Re: Iron Man Helmet motorized hinge problems [vide

Anybody else have input on alternatives to servos or a better servo to use? mightyjohn is already working a solution to reduce the amount of distance and hopefully that works =)
dude i talked with quovadis0920... he said you have not talked with him yet... im pretty sure he may have some helpful tips to solve your problem with the motorization... he'll be making a tutorial for this very soon...:):thumbsup
 

jaymay023

Active Member
I would say you need longer servo arms as suggested above, also try different mounting points on the hinge itself.
Its all geometry and finding the correct fulcrum point.. I dont use cables or pushrods for my system cause i figure its extra stuff that can go wrong. Plus i can get a full 180 rotation out of it. Ill take a look at yer vid on a PC tomorrow and see what else I can suggest

Btw Im also using a pololu controller as well..


Sent from my X10i using Tapatalk
 

jaymay023

Active Member
Are you using a splitter for the servos? Its hard to tell. That will weaken the pulling power.. I know the pololu chip i have doesnt operate more then one channel at a time, meaning that you have to step move each servo individually millisecond by millisecond.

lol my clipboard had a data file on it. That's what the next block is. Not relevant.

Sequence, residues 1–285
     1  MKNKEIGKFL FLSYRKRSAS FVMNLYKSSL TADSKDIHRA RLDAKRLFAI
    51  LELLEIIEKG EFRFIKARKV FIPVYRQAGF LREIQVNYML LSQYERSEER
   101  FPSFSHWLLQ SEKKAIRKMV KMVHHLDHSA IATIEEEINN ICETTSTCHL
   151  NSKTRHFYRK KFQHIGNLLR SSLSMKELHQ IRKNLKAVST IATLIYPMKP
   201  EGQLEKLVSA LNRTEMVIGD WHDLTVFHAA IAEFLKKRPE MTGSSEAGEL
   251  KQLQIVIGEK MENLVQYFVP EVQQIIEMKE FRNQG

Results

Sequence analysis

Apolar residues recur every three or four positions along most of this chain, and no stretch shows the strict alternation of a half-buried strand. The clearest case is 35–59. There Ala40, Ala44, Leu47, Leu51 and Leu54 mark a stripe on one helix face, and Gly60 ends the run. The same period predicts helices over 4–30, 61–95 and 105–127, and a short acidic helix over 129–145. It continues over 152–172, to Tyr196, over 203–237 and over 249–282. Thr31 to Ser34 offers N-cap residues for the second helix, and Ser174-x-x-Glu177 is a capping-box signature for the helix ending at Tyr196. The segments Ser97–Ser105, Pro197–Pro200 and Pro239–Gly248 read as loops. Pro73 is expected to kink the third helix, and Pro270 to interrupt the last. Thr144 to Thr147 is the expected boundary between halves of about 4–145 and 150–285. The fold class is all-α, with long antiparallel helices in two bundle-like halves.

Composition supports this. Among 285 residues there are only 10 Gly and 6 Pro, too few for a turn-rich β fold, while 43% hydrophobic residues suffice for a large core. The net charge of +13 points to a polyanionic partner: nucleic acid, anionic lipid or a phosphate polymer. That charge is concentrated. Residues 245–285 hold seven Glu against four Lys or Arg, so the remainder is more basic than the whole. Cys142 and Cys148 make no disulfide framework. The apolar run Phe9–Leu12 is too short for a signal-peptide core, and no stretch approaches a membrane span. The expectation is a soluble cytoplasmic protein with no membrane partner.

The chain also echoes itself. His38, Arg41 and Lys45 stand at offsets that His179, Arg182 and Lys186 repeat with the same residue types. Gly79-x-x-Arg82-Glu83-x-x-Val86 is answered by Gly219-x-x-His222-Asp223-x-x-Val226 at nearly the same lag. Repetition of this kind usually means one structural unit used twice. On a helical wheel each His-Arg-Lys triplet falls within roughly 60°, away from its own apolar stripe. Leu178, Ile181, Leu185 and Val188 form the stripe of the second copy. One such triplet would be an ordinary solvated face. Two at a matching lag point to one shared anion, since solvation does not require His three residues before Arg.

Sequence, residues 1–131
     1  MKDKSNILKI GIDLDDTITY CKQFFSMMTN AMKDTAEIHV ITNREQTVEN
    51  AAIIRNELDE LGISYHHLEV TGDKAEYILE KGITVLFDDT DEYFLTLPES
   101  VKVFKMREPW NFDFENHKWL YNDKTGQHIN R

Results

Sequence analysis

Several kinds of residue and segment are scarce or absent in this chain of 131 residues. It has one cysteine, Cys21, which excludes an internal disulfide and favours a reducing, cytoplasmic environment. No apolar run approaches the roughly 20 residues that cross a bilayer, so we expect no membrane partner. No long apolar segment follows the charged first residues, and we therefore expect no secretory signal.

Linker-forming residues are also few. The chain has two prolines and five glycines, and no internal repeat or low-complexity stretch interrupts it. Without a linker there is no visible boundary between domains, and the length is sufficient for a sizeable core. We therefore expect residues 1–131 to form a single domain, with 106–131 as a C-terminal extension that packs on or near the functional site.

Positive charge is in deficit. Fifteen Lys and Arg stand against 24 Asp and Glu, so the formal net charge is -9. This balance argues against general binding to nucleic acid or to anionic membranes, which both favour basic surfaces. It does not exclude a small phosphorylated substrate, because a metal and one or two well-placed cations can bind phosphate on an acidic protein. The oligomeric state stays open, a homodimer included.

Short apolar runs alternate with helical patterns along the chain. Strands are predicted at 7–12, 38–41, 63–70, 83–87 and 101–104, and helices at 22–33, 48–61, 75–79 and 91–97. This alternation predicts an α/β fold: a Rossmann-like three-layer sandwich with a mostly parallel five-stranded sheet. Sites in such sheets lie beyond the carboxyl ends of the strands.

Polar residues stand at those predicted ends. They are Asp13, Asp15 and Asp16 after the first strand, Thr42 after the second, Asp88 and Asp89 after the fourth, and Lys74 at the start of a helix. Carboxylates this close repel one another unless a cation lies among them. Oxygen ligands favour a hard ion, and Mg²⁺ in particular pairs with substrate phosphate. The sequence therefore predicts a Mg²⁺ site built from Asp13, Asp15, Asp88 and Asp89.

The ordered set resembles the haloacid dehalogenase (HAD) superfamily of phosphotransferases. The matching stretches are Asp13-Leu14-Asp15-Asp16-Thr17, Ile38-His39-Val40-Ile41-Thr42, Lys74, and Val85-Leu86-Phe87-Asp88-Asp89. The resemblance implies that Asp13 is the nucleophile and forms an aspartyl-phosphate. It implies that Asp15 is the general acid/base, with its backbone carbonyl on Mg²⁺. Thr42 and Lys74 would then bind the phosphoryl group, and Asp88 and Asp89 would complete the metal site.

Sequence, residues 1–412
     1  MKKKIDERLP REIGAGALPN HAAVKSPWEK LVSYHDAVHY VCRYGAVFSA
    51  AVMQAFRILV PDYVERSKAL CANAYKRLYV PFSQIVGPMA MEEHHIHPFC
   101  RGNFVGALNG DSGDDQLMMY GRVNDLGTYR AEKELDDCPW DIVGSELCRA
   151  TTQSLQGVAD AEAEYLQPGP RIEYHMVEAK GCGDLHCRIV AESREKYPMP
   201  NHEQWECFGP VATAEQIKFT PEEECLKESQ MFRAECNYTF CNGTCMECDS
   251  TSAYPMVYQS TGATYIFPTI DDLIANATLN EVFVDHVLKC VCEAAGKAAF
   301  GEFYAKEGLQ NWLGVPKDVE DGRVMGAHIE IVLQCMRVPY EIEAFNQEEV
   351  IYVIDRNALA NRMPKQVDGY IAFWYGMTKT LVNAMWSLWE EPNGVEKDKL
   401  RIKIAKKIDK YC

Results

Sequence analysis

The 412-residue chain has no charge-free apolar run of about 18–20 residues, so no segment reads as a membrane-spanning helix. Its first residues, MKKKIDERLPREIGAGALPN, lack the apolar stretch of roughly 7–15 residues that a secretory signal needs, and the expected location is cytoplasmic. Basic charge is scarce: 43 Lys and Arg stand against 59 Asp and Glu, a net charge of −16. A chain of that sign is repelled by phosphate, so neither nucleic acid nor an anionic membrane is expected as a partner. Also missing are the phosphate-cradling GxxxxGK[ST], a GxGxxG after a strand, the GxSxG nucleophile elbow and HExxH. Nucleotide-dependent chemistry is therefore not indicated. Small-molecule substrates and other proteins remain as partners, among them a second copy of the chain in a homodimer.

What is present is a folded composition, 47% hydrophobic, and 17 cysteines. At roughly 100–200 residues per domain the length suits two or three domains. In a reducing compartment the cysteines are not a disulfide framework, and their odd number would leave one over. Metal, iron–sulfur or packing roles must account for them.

Sent from my X10i using Tapatalk
 

jayjayn

Well-Known Member
actually i was using two different channels for each of the servo's but i ended up going with a arduino setup instead so i could have more control, and ordered stronger 15kg torque hinges , with the help by john i think i figured out a solution to it.
 

jayjayn

Well-Known Member
I also luckily have room in the helmet to put in my new servo's and the new design on the hinges seem to have made a improvement on the pull but im still running tests if this will actually work.